"Darkness and Hope" was built of the same pestilential template as "Irreligious" and the results were expectantly lacklustre. "The Antidote" fared little better, but still wasn’t a lot to write home about. These albums were largely inconsequential and inoffensive, disgusting only in their sheer redundancy and irrelevance. "Memorial" went for a simpler approach, being more keyboard-driven from the outset.



    Unsurprisingly, Moonspell followed another trend with "Under Satanae" - a wholly unnecessary re-recording of earlier demo era material. "Night Eternal" is another assembly line product, followed in the footsteps of the band’s earlier gothic tinged metal with basic song structures and little in the way of complexity and ornamental facets. Sure, occasionally the old death metal influences crept through and some cuts are fast - but it is little to redeem an otherwise mundane and terribly bland record.

    2012 has seen the release of a new Moonspell album. A double-album, no less. "Alpha Noir/Omega White" once again caters to the appeal of clueless Hot Topic kids and die-hard Moonspell fanatics who even would applaud when given a musical turd in shiny, gold wrapping. There’s a "hard" album and a "soft" one, to cater to the special needs of its obviously mentally arrested audience. Even the Seth Siro Anton artwork is bland...

    Moonspell has shed skin so many times, it is hard to truly see when they are being genuine. Which raises the question: was Moonspell ever genuine to begin with? They have coasted the trends and changed accordingly with whatever sound was popular at the time. Are these men artists or glib chameleons out for the obvious and quick buck?

    Those who have a functioning brain and the least bit of musical integrity have given up on this band long, long ago!

    Logo evolution: Four Steps into Mediocrity





    OBITUARY
    Last good album: World Demise

    You know the story. One of the earlier pure US death metal bands. "Slowly We Rot" hardly had any lyrics to speak of. John Tardy spewing auditory horror and disgust. His brother Don hammering away behind the drumkit. Frank Watkins, the only worthy member, on bass while a bald drunk and an unwashed redneck play guitar. First three records are classics. One of them featured guitar hero James Murphy, substituting the drunk guy. A classic tale of a young band reaching the peak of the genre... and falling, hard.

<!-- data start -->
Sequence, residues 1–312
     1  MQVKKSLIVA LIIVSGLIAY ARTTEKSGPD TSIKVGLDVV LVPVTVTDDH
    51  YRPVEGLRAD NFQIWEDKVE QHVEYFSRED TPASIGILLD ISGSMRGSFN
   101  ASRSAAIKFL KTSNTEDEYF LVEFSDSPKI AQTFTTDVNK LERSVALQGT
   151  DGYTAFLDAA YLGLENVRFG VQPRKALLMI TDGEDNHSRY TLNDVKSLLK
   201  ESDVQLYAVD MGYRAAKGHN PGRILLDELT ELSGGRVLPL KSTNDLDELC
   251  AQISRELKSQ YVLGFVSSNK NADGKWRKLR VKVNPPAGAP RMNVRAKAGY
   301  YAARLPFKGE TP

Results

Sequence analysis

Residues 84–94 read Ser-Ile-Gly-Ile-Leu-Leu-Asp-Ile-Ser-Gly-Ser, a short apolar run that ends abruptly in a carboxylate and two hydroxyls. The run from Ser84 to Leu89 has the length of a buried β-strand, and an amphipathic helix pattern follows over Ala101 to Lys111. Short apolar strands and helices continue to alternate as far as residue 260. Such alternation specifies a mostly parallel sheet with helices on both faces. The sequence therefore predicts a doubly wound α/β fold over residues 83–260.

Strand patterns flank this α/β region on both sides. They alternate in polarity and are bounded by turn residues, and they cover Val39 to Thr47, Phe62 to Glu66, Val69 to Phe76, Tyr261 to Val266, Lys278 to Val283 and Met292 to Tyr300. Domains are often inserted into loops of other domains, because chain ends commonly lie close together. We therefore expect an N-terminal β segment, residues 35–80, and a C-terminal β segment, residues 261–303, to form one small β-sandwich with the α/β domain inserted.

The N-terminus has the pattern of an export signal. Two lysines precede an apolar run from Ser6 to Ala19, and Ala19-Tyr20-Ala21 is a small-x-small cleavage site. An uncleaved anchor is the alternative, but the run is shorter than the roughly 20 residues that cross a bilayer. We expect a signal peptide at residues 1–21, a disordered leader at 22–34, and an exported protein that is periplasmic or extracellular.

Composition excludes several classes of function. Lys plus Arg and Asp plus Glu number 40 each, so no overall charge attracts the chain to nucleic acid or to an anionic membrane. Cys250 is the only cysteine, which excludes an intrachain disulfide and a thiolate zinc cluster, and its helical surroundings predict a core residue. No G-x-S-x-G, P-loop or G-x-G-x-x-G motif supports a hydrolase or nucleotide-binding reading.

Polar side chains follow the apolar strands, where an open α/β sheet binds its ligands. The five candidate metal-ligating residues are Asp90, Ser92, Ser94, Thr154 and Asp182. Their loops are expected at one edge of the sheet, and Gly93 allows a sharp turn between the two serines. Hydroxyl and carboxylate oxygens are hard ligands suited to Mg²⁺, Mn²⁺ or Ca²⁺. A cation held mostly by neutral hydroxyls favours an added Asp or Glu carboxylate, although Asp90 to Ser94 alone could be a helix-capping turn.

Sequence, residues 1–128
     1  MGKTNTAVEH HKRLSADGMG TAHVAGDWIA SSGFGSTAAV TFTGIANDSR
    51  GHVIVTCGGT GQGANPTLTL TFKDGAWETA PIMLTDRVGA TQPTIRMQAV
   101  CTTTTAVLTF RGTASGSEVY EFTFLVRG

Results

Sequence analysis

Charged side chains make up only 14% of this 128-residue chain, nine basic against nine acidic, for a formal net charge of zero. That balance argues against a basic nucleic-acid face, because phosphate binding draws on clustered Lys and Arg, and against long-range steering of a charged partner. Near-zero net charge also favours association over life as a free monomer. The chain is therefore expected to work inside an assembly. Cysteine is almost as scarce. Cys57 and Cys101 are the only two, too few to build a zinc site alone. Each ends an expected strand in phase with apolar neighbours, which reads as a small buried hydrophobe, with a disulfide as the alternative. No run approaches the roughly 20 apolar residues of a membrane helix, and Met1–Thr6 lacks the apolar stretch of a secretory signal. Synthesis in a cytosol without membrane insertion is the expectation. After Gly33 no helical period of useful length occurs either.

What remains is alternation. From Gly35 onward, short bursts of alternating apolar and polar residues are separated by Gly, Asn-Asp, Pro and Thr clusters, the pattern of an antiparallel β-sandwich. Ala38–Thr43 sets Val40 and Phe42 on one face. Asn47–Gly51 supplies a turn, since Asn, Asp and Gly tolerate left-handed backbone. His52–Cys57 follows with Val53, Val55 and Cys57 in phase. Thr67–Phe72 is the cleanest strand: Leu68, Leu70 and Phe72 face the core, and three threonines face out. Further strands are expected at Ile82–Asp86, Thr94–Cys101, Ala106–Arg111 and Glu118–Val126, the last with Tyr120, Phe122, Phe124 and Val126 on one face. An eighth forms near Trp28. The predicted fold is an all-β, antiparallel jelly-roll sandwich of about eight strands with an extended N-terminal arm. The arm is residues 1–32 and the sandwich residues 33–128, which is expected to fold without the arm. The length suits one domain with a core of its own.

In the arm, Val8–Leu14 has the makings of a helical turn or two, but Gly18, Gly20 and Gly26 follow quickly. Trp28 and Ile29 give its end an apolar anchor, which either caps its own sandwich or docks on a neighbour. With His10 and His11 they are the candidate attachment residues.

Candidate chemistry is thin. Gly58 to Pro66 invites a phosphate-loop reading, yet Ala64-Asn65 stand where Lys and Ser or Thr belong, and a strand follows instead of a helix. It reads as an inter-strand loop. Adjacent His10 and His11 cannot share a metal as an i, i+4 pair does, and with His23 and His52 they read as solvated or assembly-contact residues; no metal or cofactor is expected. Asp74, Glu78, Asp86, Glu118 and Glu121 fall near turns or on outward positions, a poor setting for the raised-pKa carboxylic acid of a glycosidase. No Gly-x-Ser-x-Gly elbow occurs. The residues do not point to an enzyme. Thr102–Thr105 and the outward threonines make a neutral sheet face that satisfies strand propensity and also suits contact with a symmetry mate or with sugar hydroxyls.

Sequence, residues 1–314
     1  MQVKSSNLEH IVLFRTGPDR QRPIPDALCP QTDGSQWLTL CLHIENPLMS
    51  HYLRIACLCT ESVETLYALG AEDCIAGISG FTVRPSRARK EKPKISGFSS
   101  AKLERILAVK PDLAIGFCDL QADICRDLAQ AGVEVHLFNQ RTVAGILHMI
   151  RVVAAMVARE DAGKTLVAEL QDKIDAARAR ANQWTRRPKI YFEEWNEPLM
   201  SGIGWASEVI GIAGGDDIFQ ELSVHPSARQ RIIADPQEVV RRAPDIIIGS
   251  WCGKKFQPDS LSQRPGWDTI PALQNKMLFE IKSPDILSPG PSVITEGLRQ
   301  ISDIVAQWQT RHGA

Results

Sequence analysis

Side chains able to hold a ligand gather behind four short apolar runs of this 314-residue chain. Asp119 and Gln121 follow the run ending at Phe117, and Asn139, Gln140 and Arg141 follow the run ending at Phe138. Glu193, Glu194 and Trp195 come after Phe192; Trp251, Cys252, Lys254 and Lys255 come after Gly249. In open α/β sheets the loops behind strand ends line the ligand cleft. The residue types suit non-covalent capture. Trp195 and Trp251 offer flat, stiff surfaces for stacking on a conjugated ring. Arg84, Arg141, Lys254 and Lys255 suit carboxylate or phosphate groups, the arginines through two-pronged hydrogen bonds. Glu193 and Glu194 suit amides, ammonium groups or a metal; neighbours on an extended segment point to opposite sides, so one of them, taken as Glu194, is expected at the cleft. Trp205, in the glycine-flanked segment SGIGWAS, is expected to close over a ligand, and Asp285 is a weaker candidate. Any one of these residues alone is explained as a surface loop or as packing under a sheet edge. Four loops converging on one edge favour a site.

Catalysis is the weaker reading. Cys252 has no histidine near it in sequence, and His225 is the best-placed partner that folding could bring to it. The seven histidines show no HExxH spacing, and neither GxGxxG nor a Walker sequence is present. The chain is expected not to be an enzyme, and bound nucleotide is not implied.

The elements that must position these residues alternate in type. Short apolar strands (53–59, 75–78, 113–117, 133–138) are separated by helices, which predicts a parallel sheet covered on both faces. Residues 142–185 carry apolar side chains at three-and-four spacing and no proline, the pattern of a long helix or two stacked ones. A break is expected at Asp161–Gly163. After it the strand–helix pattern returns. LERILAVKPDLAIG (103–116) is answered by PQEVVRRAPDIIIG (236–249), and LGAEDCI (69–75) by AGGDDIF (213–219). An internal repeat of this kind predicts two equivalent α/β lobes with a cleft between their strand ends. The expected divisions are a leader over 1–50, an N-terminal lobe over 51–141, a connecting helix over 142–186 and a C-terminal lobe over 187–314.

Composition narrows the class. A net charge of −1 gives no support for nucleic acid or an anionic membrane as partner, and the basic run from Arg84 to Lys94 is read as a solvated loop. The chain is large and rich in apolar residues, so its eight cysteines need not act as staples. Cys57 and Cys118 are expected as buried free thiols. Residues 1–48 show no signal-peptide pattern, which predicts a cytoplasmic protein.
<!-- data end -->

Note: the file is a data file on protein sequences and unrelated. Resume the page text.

"World Demise", while more ‘90s oriented in its influences, was still a sufficiently grim, dark and frightening record when it came down it, even if it was draped in "Chaos AD" aping, tough-guy hardcore grooves and urban angst. We all know what happened to Watkins in the ‘Don’t Care’ video. Better forget about it, things get far scarier.

    Since reforming in 2003 this Florida act has been wildly inconsistent and apparently content to ride on the coattails of whatever goodwill they generated in their original run. Everything about their post-reform albums has been short-changed, cheaply executed or just plain mishandled. Who’s to blame for this, you ask? The band themselves, of course. Yeah, this was a classic genre band once. Now they just are old farts and tired sacks of shit that you shouldn’t continue to support. Here’s why.


    Just look at this guy. Allen West has been staring blankly into space since the late ‘80s. No wonder he developed a drinking habit and was eventually incarcerated for such offenses. This one fucker looks more bored than the average streetwalker on a slow night.

    "Frozen In Time" was a rushed hack-job that merely passed as a dry-run or proof-of-concept demo, not as a finished product. The cardboard production, the awfully muddy guitar tone, Don’s unassuming and lazy drumming to the haggard and tired sounding vocals of senior John Tardy. They were as vital as the beast depicted on the cover painting. Anything you previously associated with Obituary was present, but lazily executed - produced by a sense of duty rather than desire, love and passion.